Selfies really aren't that much value as evidence and neither are random receipts. You want to take a far more comprehensive and systemic approach than that. It is amazing the amount of formal evidence that can be generated if you put your mind to it. Also, if you are still going on " dates", how developed is your relationship at this stage?
 
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For example, we are not one of those couples who love having our photos taken. We enjoy soaking in the moment, basking in each others company, kissing, chit chating, etc. But now everytime we go on a date I feel obligated to take a selfie of us, keep the receipt etc. It really changes the dynamics. :mad:

Sheeling;)
Sheeling, if I can offer some counsel, find a way to make the process a part of your relationship.
Work on the application together over Skype or Facetime.
Check and recheck your work.
Look at the process as a learning experience and enjoy learning.

Otherwise, it will become a chore and rob you of the joy of working together.
You each have abilities of your own, so apply them to the task.
You'll be surprised what you learn from each other.
I learned that my wife has an excellent eye for detail.
No matter how I checked my work, she always found some error.

The obligation of selfies is part of the process too.
Have some giggles and fun. You're in this together; it's your relationship.
 

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Not sure for sure, but my understanding is that Lisa ( only Lisa as I am aware) will let you buy say 5 questions at a fixed price - she will then research your legal options or policy requirements to answer your question/s with general advice.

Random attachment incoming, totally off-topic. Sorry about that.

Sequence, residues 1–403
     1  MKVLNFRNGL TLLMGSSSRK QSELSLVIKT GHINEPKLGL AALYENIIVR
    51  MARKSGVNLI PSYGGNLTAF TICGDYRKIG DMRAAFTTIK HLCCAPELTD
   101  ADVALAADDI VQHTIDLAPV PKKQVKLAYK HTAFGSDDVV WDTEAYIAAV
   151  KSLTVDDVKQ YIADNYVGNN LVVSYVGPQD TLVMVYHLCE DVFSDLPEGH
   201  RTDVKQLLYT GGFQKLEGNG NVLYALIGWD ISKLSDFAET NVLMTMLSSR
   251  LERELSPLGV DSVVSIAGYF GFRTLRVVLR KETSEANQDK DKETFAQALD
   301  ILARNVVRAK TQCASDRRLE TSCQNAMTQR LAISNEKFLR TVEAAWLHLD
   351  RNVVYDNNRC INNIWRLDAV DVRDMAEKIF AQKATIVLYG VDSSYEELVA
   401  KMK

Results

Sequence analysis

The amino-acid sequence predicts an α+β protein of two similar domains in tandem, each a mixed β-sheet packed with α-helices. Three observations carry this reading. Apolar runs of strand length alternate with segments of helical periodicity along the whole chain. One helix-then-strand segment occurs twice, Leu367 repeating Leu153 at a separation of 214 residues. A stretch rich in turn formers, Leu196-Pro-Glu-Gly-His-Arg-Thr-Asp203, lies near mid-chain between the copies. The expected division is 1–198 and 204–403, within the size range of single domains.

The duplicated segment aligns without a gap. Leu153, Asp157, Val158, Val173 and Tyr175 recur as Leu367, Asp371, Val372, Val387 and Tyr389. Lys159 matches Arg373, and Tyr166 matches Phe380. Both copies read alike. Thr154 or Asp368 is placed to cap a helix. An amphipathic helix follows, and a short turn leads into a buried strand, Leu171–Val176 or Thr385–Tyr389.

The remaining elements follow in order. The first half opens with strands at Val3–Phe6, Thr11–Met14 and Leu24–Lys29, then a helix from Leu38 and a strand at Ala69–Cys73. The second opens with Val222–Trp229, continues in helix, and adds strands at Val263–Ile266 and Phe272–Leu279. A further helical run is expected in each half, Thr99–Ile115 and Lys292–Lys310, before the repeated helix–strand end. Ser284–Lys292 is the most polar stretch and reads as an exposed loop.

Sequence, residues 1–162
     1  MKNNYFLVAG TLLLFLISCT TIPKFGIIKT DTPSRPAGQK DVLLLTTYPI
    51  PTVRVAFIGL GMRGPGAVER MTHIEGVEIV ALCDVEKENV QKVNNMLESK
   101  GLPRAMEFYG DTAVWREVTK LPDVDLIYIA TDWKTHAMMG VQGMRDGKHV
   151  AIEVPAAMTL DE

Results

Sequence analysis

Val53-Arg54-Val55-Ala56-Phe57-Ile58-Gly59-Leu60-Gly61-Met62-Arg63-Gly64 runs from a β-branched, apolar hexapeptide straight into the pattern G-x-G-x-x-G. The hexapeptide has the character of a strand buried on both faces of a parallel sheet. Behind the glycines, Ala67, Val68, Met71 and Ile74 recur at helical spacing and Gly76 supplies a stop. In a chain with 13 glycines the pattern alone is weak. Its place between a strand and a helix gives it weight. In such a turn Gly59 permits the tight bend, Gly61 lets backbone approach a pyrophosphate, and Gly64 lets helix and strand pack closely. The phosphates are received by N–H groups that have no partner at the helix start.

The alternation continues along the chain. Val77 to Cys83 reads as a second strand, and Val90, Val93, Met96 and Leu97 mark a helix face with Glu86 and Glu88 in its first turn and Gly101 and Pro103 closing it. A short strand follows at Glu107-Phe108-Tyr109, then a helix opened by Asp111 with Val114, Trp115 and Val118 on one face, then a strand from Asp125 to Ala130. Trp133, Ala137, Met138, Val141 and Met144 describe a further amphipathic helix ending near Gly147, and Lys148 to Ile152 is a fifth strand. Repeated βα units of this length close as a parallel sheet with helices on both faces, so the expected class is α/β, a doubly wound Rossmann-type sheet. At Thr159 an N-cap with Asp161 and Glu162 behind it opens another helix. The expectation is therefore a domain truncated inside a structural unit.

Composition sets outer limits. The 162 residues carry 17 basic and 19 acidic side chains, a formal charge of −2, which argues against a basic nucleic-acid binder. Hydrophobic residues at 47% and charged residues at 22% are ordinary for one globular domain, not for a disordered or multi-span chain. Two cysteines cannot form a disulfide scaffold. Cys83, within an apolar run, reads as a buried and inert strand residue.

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Discussion Starter · #15 ·
Selfies really aren't that much value as evidence and neither are random receipts. You want to take a far more comprehensive and systemic approach than that. It is amazing the amount of formal evidence that can be generated if you put your mind to it. Also, if you are still going on " dates", how developed is your relationship at this stage?
Hi Nick,

I understand I will have to substantiate my case with stronger evidences than a random selfie. Joint accounts, insurance, lease agreement etc. Thank you for highlighting that. ;) What I am trying to say is that I have to be more aware of our arrangements towards our case from now on once we start the application process and not just leave things to chance.

Each couple is unique and different. We do what we enjoy in my relationship and that include going out on date nights. My close friend who is married who 10 years still dress up and go on dates with her husband. so whose to say how develop my relationship is? We envision still going out on dates in our 60s. :D

Sheeling
 

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Discussion Starter · #16 ·